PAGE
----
Today, I have a slight deviation to my usual positive message for an expression of frustration and a plea that I strongly feel needs to be expressed. Consider this my contribution to advocacy:
Congratulations if you are watching and reading the world news and can remain calm. I for one, am unable to digest the vitriolic, bombastic, childish, unproductive, hateful, remarks coming out of our nation’s capital.
When I was a child in the 1970s and 1980s our greatest fear out of Washington was the threat of nuclear war. The fear generated countless classic Hollywood blockbusters and the story slowly faded in the background, until now. The threat was probably there the whole time, but it did not remain on the front page and now, in addition to the chaos of the Trump White House, the threat of climate change, and the shake-up celebrity marriages, it makes one ponder just what to do?
If you are dealing with Parkinson’s or any disease, this is the last thing that you need on your plate. Healthcare, doesn’t mean much, until you need to access it. Our Congress, Senate, and President are entitled to full lifetime health coverage for little or no cost. It is more than a nice perk. They don’t need to vote on a healthcare plan for themselves, they’re just fine, thank you.
As for the rest of us, who actually, could use affordable healthcare, many of us are left dangling in the wind and waiting for a solution. It isn’t pretty, sexy, or exciting, but it sure is needed. I have never seen our government at such a standstill as it is at this time. A stagnant Congress and a President in turmoil leave the millions of people in need of affordable care under undue duress and the inability to move forward.
I know of many friends and fellow people with Parkinson’s who have to make the decision to cut back on their grocery bill to be able to pay for this month’s medication bill. It shouldn’t have to be that way. Sacrificing from your already reduced food budget to eke out enough for some or all of your medications is a sad and scary trade off.
Therapy caps have created a huge problem in limiting coverage for appointments for those of us who benefit from occupational therapy, physical therapy, speech therapy and rehabilitation. These outpatient services keep many of us out of the expensive doctor’s offices, crowding hospitals, and keeping patients active in their community.
I wish I had an answer. I wish I wasn’t so frustrated. I wish someone would hear our voices!
If you follow me and read this blog, you know that I have a passion for the environment and the creatures that inhabit it. Yesterday, on a dreary, dismal, dank, and overall gloomy day, my wife and my father visited the National Geographic Museum in DC to see the amazing work of Joel Sartore. His Photo Ark of extinct or near extinct species on this planet is moving, inspiring, tearful, shameful, eyeopening, jaw-dropping, and purely beautiful. His images capture a one-on-one connection with every being that he encounters. This is a collection and an exhibition that every human on this planet needs to see and inhale. If it doesn’t move you or cause you to question your actions as a human being, then something is terribly wrong.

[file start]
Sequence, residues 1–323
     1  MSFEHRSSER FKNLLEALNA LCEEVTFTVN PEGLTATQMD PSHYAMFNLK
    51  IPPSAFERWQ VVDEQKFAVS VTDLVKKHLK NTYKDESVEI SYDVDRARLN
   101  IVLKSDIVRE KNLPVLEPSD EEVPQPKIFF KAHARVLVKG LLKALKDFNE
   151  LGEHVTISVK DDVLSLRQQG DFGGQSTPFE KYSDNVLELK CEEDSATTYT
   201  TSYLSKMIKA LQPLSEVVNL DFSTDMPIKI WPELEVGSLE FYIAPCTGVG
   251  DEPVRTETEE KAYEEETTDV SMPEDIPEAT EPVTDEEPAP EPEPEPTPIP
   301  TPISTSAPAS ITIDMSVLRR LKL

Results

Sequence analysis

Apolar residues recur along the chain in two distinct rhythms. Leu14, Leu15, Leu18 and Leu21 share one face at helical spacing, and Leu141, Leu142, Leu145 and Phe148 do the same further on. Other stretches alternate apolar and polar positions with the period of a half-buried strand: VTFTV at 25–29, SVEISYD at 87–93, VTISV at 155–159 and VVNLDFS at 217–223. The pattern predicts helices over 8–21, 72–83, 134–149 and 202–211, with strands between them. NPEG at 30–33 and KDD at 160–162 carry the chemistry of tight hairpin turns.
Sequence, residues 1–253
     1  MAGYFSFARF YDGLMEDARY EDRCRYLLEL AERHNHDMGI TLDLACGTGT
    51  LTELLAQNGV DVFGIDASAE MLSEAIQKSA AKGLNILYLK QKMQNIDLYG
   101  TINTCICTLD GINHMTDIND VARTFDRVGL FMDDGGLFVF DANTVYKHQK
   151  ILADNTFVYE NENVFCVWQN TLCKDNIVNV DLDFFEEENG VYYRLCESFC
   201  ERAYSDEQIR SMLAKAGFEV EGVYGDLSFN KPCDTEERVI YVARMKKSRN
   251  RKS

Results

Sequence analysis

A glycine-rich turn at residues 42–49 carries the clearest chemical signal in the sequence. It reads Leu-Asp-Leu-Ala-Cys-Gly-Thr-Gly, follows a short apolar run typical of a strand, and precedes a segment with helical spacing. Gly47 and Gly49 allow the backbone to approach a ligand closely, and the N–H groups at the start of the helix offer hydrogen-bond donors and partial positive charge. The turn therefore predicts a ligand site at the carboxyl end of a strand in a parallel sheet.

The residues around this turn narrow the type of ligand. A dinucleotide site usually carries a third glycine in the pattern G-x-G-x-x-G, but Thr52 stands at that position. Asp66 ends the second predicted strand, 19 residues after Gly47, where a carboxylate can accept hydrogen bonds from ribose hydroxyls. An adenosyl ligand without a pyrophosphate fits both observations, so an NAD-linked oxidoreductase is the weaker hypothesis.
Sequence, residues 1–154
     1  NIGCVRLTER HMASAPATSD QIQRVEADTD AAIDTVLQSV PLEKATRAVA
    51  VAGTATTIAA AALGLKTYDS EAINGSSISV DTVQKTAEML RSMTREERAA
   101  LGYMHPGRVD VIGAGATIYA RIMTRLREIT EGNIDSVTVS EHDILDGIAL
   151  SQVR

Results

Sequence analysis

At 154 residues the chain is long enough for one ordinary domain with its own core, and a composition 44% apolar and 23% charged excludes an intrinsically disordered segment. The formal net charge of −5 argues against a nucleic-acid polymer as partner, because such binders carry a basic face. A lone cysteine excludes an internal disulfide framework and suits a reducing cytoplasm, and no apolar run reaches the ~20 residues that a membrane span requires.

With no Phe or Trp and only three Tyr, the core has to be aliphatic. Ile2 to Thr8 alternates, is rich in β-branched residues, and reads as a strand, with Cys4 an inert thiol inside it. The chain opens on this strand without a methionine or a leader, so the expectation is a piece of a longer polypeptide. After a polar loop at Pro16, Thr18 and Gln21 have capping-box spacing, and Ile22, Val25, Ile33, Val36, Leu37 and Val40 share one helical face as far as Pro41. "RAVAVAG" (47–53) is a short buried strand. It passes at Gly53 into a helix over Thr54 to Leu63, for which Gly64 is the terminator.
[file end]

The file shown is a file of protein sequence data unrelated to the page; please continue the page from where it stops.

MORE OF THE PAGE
I have included a few of my wildlife photos–I hope you enjoy!
Just in case you missed it, here is the video link to the Champions of Change for Parkinson’s disease.
The event was held at the White House.
Left to right: Karl Robb, Angela Robb, Greg Wasson, Davis Phinney.
As we near April and Parkinson’s Disease Awareness Month, I would like to publicly thank and recognize the carepartners and caregivers who make our lives better. The carepartner/caregiver can be a tiring and sometimes thankless task.
To my wife, best friend, partner, carepartner, and true love, Angela, I congratulate you on being honored and recognized at the White House as a Champion of Change. I am so proud of you –today and everyday! I am so grateful to be in this life with you by my side! I am so happy that everyone, besides me, sees just how amazing you are!
Next Monday, hundreds of the United States’ most dynamic and involved advocates for the rights and issues affecting people with Parkinson’s Disease will convene in our Nation’s capital. The goal is to be heard and represented but mostly to be understood that we, as a collective force need better funding and services.
Neurological disorders are rising as is the aging population. Even more importantly, younger and younger people are receiving neurological related diagnoses that one might find in an older patient. Whether the cause is our growing toxic world and/or a genetic component that gets triggered or some cocktail of switches, a desperate portion of our population seeks a solution to a real problem that plagues them everyday, all-day.
In less than a century our country replaced vacuum tubes for Silica chips, went from the horse-drawn carriage to the space shuttle, put a man on the moon, and mapped the human genome. Where is the push to eradicate or even slow neurological illnesses? Great strides have been made in other diseases. New therapies and drugs, while slow to come, only slow or mask symptoms. It is time for a push and a unification of voices to be heard in DC and across the nation that more must be done.
The PAN advocates are coming to DC to speak for the countless victims, both directly and indirectly, touched or shaken by Parkinson’s Disease. They are speaking for those who are unable to speak for themselves.
To learn more about PAN and to view an online webcast of our symposium, go to www.parkinsonsaction.org.